With the recent news that Google tampers with its search results to bump its own listings to the top, TechEye spoke with a search engine optimisation (SEO) expert and discovered that this tactic is widespread within the industry.
We spoke to Aaron Wall from SEObook.com, who, when faced with the question “does Google hard code its own search results for self-promotion?” answered: “Absolutely.”
“I think Ben’s piece highlights how they do that in select verticals well,” he said, referencing researcher Ben Edelman who exposed the Google practice in a recent report. “They perhaps try to do that mostly to search verticals rather than the core search algorithm. However, even the core of search infrastructural changes might also rely on business opportunities.”
“For example, Google believes that when they launched universal search (to promote news, videos, and other select verticals) they only decided to launch that after they acquired YouTube.
“Also, around the time Google was considering buying Yelp they started to include star ratings from Yelp on some AdWords ads. After that purchase fell through those star ratings started pushing Google review ratings & Google re-aligned local search results to promote Google place pages (and the businesses that have Google place pages).”
So what does this mean for SEO? “In markets where Google is using more of the search results for themselves it of course makes it harder for 3rd parties to gain access to that traffic without buying ads,” said Wall. More ads means more revenue, which means Google benefits two-fold from the sneaky self-promotion tactics.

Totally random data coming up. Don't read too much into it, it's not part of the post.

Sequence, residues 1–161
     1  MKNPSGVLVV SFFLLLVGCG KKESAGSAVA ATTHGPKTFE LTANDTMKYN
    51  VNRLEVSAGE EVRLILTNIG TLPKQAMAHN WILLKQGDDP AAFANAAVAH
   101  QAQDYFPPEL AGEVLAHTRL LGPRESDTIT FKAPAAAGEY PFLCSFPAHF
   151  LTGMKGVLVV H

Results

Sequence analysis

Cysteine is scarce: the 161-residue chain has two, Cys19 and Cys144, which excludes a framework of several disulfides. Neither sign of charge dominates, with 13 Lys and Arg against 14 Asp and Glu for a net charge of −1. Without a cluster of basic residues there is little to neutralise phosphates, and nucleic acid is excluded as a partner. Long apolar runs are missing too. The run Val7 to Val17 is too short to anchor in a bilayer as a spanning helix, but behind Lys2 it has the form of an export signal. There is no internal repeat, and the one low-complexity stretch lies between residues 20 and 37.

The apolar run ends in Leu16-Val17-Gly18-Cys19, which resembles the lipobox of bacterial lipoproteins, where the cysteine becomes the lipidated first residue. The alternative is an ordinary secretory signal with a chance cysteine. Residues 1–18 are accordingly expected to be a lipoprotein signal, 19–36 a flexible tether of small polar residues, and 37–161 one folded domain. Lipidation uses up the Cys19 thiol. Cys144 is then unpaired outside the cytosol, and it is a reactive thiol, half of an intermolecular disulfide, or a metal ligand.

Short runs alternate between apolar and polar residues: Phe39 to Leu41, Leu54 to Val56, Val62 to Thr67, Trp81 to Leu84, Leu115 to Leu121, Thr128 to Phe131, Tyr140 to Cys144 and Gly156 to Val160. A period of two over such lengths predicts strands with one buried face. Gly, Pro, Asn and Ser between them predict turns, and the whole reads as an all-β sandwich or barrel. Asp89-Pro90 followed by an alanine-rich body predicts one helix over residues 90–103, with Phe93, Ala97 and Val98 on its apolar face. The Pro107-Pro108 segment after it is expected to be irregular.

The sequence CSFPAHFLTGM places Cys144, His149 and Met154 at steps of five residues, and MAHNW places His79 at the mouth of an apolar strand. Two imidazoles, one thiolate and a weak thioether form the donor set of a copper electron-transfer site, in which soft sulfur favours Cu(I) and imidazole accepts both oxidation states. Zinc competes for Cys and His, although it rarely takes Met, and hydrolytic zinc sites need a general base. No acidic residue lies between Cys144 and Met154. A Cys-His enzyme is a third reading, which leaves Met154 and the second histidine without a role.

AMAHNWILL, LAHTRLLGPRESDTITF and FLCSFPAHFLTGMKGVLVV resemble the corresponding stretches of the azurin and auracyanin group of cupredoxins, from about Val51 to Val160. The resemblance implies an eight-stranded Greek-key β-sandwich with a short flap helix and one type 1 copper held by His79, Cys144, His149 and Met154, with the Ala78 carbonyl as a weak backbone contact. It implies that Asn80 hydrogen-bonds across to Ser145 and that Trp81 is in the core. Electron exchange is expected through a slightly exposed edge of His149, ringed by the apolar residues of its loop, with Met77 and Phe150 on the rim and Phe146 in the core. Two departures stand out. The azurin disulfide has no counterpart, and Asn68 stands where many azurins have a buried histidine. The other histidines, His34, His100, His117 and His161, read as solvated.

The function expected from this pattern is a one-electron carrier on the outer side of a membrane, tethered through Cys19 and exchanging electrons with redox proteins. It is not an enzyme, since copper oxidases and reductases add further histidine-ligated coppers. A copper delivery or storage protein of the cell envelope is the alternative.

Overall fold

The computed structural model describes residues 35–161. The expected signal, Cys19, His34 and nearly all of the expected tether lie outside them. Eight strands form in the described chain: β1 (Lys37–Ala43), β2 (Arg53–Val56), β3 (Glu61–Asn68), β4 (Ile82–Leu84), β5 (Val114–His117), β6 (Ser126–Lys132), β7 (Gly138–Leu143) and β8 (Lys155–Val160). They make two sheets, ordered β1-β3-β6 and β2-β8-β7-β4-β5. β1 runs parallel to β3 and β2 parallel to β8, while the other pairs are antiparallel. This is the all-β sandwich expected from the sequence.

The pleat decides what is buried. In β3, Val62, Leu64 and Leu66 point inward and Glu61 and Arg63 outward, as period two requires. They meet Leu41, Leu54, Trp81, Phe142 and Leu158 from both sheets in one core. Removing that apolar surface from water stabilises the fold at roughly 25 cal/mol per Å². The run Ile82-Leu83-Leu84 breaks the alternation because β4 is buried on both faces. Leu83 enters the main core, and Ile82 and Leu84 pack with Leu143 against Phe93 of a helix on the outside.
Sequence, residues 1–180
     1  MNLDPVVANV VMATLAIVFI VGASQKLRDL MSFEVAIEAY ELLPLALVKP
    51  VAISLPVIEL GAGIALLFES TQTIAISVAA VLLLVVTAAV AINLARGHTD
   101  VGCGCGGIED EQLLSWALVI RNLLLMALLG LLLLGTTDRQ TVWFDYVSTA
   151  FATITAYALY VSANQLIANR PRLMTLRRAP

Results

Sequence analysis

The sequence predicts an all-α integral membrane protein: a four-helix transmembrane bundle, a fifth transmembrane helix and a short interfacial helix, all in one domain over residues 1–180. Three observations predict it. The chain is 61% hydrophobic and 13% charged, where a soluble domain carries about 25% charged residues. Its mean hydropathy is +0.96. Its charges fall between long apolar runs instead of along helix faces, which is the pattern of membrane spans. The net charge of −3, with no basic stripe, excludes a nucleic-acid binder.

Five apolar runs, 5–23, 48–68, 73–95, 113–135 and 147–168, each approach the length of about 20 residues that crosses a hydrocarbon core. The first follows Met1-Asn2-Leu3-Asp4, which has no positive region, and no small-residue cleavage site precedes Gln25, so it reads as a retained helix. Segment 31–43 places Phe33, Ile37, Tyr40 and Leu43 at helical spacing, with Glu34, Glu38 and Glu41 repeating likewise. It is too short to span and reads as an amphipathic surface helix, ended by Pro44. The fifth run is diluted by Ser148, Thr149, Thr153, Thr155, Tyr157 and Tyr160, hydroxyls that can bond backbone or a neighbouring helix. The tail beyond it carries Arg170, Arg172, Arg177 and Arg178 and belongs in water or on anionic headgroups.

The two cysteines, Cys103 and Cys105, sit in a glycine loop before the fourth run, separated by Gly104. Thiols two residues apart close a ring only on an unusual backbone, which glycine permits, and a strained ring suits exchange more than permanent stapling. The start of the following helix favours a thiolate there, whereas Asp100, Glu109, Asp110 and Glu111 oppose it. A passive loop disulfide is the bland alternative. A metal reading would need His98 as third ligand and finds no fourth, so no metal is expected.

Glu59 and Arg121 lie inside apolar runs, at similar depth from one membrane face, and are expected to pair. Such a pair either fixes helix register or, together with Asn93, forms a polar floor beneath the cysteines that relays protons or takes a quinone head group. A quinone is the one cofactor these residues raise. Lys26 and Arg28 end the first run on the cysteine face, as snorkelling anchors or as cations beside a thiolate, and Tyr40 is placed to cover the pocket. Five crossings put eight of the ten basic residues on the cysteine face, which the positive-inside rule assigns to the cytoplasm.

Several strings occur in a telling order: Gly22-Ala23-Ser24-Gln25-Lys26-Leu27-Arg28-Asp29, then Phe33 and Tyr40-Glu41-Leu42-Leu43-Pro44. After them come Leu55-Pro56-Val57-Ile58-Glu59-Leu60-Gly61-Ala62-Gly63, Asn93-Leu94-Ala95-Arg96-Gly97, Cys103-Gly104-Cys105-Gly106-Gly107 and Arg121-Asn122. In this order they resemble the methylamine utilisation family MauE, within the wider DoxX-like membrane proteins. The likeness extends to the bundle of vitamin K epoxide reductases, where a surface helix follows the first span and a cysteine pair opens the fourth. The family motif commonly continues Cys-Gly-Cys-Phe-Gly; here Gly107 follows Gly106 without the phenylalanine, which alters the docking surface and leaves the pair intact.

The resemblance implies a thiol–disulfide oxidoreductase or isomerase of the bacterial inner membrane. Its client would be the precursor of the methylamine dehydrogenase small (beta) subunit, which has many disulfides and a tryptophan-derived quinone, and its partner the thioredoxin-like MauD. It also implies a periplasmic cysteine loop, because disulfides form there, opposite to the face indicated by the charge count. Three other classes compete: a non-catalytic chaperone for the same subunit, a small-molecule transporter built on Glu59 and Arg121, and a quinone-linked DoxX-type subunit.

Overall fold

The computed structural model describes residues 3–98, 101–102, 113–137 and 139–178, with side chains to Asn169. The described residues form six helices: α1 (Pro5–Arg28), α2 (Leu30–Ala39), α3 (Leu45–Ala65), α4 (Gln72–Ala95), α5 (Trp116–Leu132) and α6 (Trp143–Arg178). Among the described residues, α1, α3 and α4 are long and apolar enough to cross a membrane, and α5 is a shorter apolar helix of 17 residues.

This approach is not limited to Google, however. Wall pointed out that self-promotion is endemic among most of the leading search companies. “Some of the other search engines are even more aggressive than Google is at promoting select verticals,” he said. “Most of the other leading search companies were built out of web portals & promotion of the portal has been a core search strategy for many years.”
Wall said “what makes Google remarkable in doing what others [are] doing is the huge share of the search market Google owns.” In other words, Google’s dominance in the market means its every move is open to scrutiny, and that means that questionable tactics employed by it are more likely to hit the headlines than similar practices by smaller firms that simply slip under the radar.
He cited Ask.com as a good example of this tactic at work. “They fill some of their own search results with listings from some of their own properties,” said Wall. “They include things like question and answer mashups, lead generation forms, premium placements for select IAC companies, and so on.”
Wall had some stark words to share about the future of search engines: “The truth is that as search engines become media companies and ad networks they will become increasingly conflicted with promoting internal customers.”